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Where Is He Now?

Four years ago all eyes were on Dajuan Wagner, 21, then a shooting guard for the Cleveland Cavaliers basketball team. Dajuan, a Camden native, had come off a phenomenal career at Camden High School where, in 2001, he became New Jersey’s all-time scoring leader with 3,642 points. He was the ultimate high school basketball star who made it big with the Cavs.

Where is Dajuan now? His sports career hasn’t been easy. Plagued by injuries and illness, including major surgery in 2005 to remove his colon, Dajuan is now currently playing for Polish basketball champions Prokom Trefl Sopot. The team, based in Sopot, Poland, plays in the Polish League and the Euroleague. He has said he wants to make a comeback in American basketball.

Dajuan’s professional basketball career is yet another example of how challenging it can be at the top. Here is a portion of an interview with Dajuan—then at the pinnacle of his brief sports career—that ran in NJ Next magazine in 2004:

Next: Now you’re playing with LeBron James, who went straight to the pros from high school. You spent one year at the University of Memphis before hitting the pros. Any regrets?
Dajuan: I’m happy I went to college for that year. I learned a lot in that one year about the game. I’m going to go back to college eventually. Right now I’m just focused on playing. I want to take my basketball career as far as I can.

Next: What kind of career are you interested in after pro sports?
Dajuan: I want to open up a few businesses. I have no idea what types of businesses yet, but I know that’s what I want to do.

Next: How has pro sports met your expectations?
Dajuan: The injuries have been hard, but everything else has been real good. I have no complaints. I like everything about pro basketball. I’m getting paid for something I really love to do.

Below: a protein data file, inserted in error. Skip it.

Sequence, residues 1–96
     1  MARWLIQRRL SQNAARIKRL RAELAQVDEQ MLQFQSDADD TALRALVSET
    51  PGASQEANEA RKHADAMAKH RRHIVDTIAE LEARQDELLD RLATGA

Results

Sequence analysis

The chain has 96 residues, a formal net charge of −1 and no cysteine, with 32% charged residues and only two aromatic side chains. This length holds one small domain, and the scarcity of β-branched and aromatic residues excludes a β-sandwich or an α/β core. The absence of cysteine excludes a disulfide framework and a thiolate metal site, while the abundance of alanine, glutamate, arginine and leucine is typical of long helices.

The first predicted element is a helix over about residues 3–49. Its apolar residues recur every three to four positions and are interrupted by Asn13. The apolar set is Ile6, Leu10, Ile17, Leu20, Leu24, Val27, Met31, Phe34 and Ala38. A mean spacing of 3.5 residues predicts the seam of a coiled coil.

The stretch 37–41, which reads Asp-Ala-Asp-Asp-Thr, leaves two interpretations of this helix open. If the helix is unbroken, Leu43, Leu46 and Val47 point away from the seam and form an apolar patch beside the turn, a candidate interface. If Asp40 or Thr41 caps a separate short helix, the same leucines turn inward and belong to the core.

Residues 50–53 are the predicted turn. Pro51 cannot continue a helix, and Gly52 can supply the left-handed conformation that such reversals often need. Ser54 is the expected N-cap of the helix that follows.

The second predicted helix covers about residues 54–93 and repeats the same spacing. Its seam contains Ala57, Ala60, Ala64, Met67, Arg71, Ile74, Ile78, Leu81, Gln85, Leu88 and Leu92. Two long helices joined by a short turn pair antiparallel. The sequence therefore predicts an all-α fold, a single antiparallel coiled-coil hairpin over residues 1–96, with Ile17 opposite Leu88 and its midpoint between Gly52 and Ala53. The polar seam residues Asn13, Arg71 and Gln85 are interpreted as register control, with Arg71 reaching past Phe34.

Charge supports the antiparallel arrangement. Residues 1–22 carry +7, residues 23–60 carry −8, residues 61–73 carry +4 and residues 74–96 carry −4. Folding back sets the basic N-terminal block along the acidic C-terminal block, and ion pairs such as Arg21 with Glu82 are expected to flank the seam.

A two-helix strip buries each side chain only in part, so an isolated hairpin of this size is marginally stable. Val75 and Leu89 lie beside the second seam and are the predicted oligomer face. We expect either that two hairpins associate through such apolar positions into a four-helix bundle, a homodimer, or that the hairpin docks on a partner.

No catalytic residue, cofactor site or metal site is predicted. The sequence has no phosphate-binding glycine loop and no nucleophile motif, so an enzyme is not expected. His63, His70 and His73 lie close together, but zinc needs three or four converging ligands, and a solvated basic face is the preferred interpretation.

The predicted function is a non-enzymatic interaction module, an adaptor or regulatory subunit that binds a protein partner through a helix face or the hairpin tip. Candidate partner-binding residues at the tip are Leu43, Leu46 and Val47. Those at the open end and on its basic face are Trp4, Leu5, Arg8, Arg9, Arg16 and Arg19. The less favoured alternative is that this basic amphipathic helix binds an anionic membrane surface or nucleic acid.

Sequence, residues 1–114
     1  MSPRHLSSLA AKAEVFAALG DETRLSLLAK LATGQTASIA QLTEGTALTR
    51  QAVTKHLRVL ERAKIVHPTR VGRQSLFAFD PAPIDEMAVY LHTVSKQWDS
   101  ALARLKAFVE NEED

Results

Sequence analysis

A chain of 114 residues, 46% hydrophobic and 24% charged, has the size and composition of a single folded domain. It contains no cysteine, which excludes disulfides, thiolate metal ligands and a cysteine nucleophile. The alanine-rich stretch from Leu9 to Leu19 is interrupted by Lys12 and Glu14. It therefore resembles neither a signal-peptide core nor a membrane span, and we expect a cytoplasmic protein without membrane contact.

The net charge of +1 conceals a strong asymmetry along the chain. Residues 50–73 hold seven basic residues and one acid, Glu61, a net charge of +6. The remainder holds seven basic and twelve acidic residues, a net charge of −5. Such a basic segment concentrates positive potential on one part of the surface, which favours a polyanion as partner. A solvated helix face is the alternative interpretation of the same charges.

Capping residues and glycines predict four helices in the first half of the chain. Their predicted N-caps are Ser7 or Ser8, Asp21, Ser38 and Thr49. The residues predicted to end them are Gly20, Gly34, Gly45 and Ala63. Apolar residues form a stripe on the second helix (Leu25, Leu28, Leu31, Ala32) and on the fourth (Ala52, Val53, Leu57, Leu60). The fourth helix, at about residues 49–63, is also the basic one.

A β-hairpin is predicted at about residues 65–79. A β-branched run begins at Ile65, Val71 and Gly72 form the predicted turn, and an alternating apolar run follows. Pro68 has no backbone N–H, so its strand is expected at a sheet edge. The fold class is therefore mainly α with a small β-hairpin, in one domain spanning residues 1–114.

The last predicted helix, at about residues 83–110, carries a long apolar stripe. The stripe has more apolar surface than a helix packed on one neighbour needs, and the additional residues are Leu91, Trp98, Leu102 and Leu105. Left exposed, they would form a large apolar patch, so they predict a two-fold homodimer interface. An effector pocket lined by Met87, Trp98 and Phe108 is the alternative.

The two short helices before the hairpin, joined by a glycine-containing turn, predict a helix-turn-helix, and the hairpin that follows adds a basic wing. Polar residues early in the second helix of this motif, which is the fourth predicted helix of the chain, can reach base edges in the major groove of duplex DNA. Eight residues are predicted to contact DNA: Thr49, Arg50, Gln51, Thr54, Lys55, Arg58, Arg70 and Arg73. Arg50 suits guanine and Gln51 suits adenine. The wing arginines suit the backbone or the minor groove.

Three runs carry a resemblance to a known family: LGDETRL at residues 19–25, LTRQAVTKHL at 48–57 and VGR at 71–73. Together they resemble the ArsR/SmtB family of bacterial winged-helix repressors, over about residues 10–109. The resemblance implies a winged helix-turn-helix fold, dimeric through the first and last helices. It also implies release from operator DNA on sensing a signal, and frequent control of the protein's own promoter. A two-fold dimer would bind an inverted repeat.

Next: What advice would you give to young people who are considering a career in pro sports?
Dajuan: You can make it if you’re willing to work hard. A lot of people don’t work hard and don’t understand why they don’t get there. But it’s not all about playing. You’ve got to have your grades up just in case. You’ve got to have something to fall back on. School should always come first.

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Get in the Game

A professional sports career does not necessarily have to include a uniform and hours of endurance training. The list of professional sports-related jobs is as big as a football field and equally as satisfying for all you high school high scorers. Do you have what it takes? If so, why not consider some of these great sports-related careers:

  • Sports Management: This has to do with the business of the sports industry, everything from accounting, management and marketing to economics and computer applications. Somebody has to run the business behind the scenes. A few jobs to consider are facility management, a program director in a community sport program, academic services for student-athletics, an athletic business manager and a director of ticketing and finance.
  • Sports Agent: A person who gets and negotiates employment and endorsement deals for athletes. In return, the agent can get a commission that is as much as 10 percent of the contract. Agents have to be prepared to handle public relations for the athletes they represent, as well as the athlete’s finances.
  • Athletic Trainer: This is more than helping bandage knees and massage cramps. Athletic trainers have to like sports, the sciences and medicine and they need excellent interpersonal skills to communicate with athletes, coaches and parents. Certified athletic trainers are well versed in the sciences and some medicine and work under the direction of the team physician. Can you handle the sight of blood? You may be the one called to the ice to help a player whose juggler vein and carotid artery have been severed by a competitor’s skate.  

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Resource Corner